python 2.7 and unicode (one more time)

Steven D'Aprano steve+comp.lang.python at pearwood.info
Mon Nov 24 23:56:00 CET 2014


Marko Rauhamaa wrote:

>> Py3's byte strings are still strings, though.
> 
> Hm. I don't think so. In a plain English sense, maybe, but that kind of
> usage can lead to confusion.

Only if you are determined to confuse yourself.

People are quite capable of interpreting correctly sentences like:

"My friend Susan and I were talking about Jenny, and she said that she had
had a horrible fight with her boyfriend and was breaking up with him."

and despite the ambiguity correctly interpret who "she" and "her" refers to
each time. Compared to that, correctly understanding the mild complexity
of "string" is trivial.

In Python usage, "string" always refers to the `str` type, unless prefixed
with "byte", in which case it refers to the immutable byte-string type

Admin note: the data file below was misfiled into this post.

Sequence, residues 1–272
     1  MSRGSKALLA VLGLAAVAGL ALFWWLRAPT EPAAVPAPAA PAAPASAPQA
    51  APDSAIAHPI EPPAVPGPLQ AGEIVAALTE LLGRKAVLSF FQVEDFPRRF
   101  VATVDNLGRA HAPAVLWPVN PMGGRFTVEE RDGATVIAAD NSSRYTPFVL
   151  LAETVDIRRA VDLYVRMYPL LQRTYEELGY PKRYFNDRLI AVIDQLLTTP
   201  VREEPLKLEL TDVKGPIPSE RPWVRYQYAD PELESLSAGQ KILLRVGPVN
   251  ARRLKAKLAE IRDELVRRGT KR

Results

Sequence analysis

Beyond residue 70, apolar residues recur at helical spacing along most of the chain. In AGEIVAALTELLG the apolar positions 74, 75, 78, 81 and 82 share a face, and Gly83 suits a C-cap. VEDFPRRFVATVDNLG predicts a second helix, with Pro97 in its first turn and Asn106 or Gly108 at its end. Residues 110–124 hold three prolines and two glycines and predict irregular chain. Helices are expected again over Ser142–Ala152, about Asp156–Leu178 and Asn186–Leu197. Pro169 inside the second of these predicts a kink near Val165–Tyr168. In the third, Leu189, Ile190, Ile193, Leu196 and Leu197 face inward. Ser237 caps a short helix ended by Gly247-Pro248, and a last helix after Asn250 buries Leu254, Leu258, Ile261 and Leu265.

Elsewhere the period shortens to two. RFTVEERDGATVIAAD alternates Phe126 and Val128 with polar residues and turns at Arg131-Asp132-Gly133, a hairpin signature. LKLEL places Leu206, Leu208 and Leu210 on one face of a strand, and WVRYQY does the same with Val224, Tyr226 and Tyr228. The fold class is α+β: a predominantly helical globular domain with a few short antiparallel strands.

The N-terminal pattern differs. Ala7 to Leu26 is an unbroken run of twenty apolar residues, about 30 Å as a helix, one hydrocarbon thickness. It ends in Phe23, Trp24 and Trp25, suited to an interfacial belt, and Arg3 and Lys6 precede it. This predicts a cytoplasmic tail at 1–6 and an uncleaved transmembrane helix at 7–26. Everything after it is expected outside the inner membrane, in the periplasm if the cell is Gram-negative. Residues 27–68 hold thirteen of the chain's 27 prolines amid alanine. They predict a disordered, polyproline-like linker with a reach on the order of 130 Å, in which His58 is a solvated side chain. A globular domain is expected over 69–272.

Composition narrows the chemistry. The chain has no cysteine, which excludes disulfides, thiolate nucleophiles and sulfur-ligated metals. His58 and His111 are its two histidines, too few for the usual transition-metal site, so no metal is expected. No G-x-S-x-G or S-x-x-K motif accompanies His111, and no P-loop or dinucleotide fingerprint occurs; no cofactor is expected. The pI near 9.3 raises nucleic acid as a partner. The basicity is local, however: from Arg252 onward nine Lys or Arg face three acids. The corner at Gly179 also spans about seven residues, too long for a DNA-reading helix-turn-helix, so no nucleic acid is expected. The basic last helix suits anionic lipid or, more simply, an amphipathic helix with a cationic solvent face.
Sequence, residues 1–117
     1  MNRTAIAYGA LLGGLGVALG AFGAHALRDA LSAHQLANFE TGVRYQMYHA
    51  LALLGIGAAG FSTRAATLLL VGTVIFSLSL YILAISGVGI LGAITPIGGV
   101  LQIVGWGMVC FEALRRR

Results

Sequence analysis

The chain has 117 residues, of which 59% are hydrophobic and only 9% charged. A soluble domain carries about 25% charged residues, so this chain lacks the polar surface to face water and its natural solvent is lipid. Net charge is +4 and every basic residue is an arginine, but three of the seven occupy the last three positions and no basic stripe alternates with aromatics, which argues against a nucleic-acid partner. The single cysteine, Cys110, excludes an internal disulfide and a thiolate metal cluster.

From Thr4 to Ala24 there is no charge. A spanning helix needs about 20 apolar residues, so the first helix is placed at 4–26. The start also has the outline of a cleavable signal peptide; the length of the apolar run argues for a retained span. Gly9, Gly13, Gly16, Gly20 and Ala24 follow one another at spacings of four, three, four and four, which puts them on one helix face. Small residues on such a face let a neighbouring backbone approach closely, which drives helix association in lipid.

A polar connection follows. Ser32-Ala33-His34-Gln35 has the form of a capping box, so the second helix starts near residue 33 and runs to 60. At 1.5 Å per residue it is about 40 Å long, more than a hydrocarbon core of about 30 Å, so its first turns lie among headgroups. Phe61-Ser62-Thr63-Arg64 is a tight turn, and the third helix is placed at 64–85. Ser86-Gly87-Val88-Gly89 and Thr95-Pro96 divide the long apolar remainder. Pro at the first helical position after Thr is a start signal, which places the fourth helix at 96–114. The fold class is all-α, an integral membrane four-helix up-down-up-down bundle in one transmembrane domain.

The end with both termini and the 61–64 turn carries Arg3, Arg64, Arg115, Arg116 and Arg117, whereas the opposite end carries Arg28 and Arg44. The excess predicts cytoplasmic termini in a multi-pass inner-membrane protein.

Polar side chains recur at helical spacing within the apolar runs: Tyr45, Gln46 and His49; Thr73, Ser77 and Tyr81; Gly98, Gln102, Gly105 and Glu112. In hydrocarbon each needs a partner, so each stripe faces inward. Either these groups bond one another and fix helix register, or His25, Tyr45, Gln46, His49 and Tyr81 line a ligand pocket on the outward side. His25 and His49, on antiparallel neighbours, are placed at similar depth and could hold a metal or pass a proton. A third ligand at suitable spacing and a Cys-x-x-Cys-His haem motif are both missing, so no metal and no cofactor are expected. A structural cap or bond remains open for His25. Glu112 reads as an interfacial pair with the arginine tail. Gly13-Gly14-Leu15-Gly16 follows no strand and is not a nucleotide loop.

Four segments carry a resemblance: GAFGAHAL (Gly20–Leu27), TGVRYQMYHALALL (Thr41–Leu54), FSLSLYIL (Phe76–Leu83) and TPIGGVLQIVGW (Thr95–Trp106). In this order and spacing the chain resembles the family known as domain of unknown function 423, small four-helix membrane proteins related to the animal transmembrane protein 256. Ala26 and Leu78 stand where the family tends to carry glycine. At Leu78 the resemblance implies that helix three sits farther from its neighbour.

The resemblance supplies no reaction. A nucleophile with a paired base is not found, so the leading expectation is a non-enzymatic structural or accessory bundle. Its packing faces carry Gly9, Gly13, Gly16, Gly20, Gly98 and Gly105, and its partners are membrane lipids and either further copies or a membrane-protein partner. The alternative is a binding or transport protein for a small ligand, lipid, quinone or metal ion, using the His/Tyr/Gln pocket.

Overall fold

(`str` in Python 2, `bytes` in Python 3.)

"Unicode string" always refers to the immutable Unicode string type
(`unicode` in Python 2, `str` in Python 3).

"Text string" is more ambiguous. Some people consider the prefix to be
redundant, e.g. "text string" always refers to `str`, while others consider
it to be in opposition to "byte string", i.e. to be a synonym for "Unicode
string".

In all cases apart from an explicit "byte string", the word "string" is
always used for the native array-of-characters type delimited by plain
quotation marks, as used for error messages, user prompts, etc., regardless
whether the implementation is an array of 8-bit bytes (as used by Python
2), or the full Unicode character set (as used by Python 3). So in
practice, provided you know which version of Python is being discussed,
there is never any genuine ambiguity when using the word "string" and no
excuse for confusion.


-- 
Steven




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